Still No Decision on Hancock County Superintendent’s Contract

NEW CUMBERLAND — The Hancock County Board of Education still has not made a decision concerning the contract of Superintendent Tim Woodward.

Before going behind closed doors to discuss that matter, board members heard from several county residents discussing a variety of allegations that have been leveled against Woodward through anonymous letters posted and mailed throughout the county. Much of the discussion by residents Monday focused on the status of Dave Smith, a principal at Oak Glen High School; the dissemination of student information; and grievance issues with a former county schools employee.

Several residents expressed support for Smith, who they said was transferred from head principal to assistant principal. Some also claimed they had heard of threats to fire Smith.

Eric Cline, who once served as a prevention resource officer in the county, said he is a childhood friend of Smith’s. He said he supports the administrator and his work at Oak Glen.

“His evaluations have always met or exceeded the standards,” Cline said, adding that Oak Glen has a 95 percent attendance rate and is ranked the 30th best high school in the state.

Pat Chaney of Chester encouraged the school board members to “do their due diligence” and investigate the claims, expressing concerns over Woodward’s leadership.

“I cannot verify all these stories, but the board can,” Chaney said.

Chaney also openly called into question the ethics of Woodward’s personal relationship with a school administrator, who Chaney identified as Andrea Dulaney, director of student services.

Dulaney responded to Chaney, saying her personal relationships are not related to how well she does her job.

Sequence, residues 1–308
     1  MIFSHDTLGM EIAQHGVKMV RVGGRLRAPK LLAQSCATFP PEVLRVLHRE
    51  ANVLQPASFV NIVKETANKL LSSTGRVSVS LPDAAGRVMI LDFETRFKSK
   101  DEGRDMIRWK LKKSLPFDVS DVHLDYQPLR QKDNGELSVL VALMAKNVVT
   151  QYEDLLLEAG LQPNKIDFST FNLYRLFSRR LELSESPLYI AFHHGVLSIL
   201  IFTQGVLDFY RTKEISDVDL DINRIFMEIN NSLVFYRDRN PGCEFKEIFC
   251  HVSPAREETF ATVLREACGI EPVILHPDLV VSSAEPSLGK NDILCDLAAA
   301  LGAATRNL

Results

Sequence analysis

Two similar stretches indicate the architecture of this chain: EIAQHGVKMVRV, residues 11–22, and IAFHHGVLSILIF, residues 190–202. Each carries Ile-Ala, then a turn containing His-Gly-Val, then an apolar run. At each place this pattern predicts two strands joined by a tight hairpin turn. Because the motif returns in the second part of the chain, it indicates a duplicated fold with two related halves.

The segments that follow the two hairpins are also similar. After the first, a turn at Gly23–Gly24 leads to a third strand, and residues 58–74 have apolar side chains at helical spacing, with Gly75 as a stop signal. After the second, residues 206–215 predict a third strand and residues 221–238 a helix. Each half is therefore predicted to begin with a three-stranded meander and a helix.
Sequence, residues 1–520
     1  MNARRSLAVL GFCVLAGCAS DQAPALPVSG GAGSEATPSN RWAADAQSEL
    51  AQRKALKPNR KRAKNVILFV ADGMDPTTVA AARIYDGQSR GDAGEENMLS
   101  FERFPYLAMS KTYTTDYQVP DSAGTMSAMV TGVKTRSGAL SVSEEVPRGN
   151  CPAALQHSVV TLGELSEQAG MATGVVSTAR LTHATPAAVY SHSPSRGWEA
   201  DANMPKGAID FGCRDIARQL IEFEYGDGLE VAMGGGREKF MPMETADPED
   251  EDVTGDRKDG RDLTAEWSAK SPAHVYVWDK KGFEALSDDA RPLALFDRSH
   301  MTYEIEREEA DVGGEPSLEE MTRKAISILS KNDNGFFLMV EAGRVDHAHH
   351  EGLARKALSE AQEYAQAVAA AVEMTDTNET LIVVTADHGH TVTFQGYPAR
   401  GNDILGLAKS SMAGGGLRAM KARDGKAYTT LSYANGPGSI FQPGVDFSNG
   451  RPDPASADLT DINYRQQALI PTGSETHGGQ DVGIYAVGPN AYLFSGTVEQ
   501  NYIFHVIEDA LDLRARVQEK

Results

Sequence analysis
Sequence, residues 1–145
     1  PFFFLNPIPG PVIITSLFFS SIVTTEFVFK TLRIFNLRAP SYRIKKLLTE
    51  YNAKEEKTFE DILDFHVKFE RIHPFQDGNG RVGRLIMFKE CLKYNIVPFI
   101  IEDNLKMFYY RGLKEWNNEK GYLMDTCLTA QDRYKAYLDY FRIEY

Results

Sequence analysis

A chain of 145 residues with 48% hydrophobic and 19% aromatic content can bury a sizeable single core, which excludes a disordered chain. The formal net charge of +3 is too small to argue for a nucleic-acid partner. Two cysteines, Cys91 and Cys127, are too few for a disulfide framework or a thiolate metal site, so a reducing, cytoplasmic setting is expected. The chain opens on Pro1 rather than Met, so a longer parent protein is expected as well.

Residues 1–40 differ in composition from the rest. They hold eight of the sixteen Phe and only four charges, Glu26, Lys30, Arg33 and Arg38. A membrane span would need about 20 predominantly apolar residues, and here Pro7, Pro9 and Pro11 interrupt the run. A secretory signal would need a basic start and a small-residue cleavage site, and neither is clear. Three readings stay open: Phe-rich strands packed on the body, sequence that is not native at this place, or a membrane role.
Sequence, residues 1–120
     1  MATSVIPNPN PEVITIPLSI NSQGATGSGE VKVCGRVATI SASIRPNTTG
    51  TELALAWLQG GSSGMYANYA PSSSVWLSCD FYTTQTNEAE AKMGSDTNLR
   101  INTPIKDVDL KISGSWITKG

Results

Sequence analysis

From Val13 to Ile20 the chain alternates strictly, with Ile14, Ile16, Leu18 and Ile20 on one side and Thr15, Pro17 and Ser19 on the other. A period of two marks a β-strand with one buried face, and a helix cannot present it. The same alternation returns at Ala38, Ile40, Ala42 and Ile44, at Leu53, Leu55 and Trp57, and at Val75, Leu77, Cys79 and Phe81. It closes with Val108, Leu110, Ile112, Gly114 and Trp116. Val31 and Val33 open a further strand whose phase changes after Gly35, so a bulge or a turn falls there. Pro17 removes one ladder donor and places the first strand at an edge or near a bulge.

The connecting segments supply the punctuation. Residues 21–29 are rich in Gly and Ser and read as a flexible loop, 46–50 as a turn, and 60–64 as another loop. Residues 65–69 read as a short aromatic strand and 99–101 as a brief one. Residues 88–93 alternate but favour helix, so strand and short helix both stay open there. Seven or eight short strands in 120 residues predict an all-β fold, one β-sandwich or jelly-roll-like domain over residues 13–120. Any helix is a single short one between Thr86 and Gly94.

Chris Gillette announced to the board that upon returning from his lunch break Friday, he found a packet of information in his car. He said those documents appeared to be copies of depositions concerning the school board.

“I think it was given to a bunch of people,” he said, adding that while he doesn’t know if the information is true, he expects the board to address the issues. “We’re holding you guys accountable.”

John Manypenny said he had attempted for several months to bring concerns to the attention of the board related to allegations of “targeting and harassment” of teachers.

“If you choose to turn a blind eye, you are doing a great disservice,” Manypenny said, noting the particular teacher about whom he was concerned has since retired.

Ed Bowman, a former state senator from Weirton, said he has been contacted many times in recent months over the allegations.

“There’s two sides to every story. Both sides deserve to be heard,” Bowman said, encouraging the school board to delay action on the contract until an investigation of the allegations can be completed.

Woodward denied the allegations, saying he has an open-door policy and is willing to discuss concerns with any resident. He especially took note of the way the accusations were being spread anonymously, calling it “cowardly.”

“It’s hurtful and incomprehensible to me that I have to sit here and defend myself,” Woodward said. “I have done nothing but put myself out there for these children and these schools.”

Woodward acknowledged transferring Smith to the assistant principal position, but said it was after several conversations with Smith and was a result of Smith’s health.

When called upon by Woodward, Smith said he and the superintendent have had a good relationship and denied there had been any discussions about his no longer being employed by the school district.

Board member Dan Kaser, however, said Monday was the first time he had heard some of the claims, noting he feels there is a lack of transparency.

“I’m a board member, and I didn’t know the information,” Kaser said.

Kaser said he feels the board cannot move forward with renewing Woodward’s contract until all allegations are investigated.

Later, following a 90-minute executive session Monday, the board announced that while its assessment of Woodward had been completed, members had not finalized their decision on whether to renew the superintendent’s contract. Woodward did not return to the open meeting with the board following the executive session.

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